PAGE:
NMIT enrolment worry

STACEY KNOTT
Last updated 12:58 28/03/2014

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Students are back to study at Nelson Marlborough Institute of Technology, though there are concerns there are not as many of them as anticipated.

NMIT budgeted for a total of 2619.7 equivalent fulltime student (EFTS) but as of March 12 there were 1779. However, with some courses having altered start dates this gap could close later in the year.

The students that NMIT has enrolled are mostly under 25. There are 421 school leavers enrolled making up 16 per cent, while under 25s are at 67 per cent.

International enrolments are lower than anticipated at NMIT this year. Equivalent fulltime student numbers in the creative industries and those at the Blenheim campus were also lower than anticipated.

Overall enrolments were similar to last year's numbers.

Chief executive Tony Gray said they were concerned with recruitment in several programmes in Marlborough including carpentry (down from 12 to nine students this year) and foundation nursing, while on the Nelson campus there was "elevated" concern over numbers enrolled in the first year of Bachelor of Arts and Media.

Mr Gray put this down to a variety of factors. He said with the rise in under 25-year-old students, older students who had usually opted to do creative courses, had dropped off.

"It's a combination of things, the flow-off from the financial crisis, people putting jobs and earning money ahead of training. There's been changes to the student loans and allowances."

He also believed a Ministry of Business Innovation and Employment report released last year, which showed job prospects for bachelor or arts students were weak had discouraged people.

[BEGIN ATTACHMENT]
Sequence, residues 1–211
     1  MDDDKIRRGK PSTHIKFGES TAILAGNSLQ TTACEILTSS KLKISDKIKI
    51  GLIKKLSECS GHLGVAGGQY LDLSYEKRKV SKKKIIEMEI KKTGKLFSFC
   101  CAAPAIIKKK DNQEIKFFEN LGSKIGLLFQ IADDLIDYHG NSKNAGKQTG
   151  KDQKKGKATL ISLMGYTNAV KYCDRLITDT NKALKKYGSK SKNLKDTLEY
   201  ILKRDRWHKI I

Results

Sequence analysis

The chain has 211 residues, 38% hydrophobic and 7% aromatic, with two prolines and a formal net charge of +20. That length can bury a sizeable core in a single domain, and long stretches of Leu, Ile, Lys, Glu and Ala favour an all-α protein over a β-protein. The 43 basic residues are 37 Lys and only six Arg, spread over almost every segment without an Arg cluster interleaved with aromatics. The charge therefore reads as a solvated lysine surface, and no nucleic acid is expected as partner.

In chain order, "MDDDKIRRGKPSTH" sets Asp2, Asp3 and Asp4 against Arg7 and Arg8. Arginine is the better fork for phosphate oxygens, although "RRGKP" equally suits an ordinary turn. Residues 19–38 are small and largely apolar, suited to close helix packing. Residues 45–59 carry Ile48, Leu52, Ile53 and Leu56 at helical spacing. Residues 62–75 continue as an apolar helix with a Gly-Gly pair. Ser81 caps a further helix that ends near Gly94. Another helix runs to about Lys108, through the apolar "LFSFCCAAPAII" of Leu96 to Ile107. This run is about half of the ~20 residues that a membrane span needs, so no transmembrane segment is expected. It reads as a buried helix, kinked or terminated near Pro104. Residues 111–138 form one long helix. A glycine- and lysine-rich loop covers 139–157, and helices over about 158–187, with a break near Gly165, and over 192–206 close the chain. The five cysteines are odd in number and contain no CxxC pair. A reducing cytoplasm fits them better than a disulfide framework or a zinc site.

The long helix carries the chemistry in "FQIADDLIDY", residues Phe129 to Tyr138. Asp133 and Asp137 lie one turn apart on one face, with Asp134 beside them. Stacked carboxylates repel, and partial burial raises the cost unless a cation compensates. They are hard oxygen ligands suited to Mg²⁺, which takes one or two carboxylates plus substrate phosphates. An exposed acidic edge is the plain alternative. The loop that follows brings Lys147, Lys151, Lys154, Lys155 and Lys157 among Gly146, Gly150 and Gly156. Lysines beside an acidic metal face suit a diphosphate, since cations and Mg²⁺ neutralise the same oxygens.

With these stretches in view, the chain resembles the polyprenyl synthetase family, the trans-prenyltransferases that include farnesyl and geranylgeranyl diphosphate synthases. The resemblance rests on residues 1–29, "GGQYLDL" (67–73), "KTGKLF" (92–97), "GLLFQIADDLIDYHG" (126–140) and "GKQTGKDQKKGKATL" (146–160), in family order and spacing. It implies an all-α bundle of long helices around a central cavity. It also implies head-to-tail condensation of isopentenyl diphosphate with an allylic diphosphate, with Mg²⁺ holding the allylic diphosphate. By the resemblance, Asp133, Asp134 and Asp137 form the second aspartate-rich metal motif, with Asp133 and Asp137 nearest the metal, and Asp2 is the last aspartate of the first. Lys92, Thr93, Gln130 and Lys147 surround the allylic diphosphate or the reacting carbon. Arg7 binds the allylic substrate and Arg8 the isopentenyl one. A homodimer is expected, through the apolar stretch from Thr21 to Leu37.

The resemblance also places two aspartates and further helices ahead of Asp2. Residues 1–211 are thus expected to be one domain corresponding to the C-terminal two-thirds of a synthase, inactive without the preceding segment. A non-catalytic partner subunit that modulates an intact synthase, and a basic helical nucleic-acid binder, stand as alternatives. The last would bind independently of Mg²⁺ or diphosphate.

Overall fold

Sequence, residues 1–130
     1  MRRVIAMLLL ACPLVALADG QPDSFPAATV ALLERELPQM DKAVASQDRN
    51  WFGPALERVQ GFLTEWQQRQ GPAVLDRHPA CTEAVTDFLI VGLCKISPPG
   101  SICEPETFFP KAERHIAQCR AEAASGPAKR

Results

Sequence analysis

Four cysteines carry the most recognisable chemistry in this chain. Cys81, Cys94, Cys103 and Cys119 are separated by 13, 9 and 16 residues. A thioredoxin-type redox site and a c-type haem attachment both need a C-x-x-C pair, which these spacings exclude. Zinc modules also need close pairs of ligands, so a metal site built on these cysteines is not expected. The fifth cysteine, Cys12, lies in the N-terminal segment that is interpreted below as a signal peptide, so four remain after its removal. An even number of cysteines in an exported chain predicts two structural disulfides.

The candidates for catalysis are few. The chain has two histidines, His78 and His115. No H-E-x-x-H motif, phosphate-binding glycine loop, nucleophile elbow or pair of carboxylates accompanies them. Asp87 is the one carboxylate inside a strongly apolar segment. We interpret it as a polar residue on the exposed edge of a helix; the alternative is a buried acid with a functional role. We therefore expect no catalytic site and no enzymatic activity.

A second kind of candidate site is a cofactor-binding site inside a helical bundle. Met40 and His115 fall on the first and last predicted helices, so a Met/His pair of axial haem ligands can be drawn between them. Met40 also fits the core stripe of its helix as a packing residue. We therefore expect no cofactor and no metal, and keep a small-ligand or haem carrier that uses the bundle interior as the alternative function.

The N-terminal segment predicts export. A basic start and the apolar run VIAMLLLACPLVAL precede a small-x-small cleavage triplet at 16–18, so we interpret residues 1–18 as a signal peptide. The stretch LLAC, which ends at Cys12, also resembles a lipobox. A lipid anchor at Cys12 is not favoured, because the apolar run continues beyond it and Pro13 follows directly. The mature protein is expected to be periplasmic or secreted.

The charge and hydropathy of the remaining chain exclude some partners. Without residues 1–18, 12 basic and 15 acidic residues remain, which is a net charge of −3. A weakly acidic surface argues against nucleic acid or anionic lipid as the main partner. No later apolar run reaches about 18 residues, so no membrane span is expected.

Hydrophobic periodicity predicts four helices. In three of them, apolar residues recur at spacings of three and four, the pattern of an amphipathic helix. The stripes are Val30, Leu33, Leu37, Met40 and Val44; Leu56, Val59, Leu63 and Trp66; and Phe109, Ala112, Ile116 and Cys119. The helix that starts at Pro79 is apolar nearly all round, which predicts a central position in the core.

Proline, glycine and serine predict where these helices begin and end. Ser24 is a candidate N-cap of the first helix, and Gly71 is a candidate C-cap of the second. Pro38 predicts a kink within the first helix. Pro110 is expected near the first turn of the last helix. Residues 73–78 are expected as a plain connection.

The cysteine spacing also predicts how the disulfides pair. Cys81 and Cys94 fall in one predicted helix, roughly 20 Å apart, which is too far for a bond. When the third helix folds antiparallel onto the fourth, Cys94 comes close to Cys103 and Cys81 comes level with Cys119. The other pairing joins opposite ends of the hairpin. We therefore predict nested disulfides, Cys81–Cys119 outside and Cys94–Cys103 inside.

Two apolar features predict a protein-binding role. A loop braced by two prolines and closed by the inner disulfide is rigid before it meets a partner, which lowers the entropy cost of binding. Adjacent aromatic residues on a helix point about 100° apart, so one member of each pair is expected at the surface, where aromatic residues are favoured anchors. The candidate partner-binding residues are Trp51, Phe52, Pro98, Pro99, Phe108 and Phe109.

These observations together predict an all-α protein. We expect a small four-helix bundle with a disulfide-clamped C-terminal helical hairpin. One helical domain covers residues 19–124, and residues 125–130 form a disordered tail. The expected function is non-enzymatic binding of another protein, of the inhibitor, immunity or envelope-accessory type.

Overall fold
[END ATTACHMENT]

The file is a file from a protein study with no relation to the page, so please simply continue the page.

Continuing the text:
International student enrolments were also an issue at NMIT. The institute was dealing with an "extremely fickle market", he said.

A short programme aimed at New Zealand training for international nurses last month filled four of the 15 spaces, while a nursing programme recruited one international student when it budgeted for five.

Most international students came from India and China, and the institute was looking to recruit from Indonesia.

Most popular courses for international students were the bachelor of commerce and vita technologies, though this was not recruiting as well as expected with just three of six anticipated international students enrolled this year.

NMIT was ahead of targets in the sport and fitness programmes, aquaculture, and viticulture and wine. Enrolments for new courses interior design and the diploma of civil engineering were also going well.

NMIT's recent online Grab a Course deal "turned out to be a cracker" where courses were sold at a 93 per cent discount.

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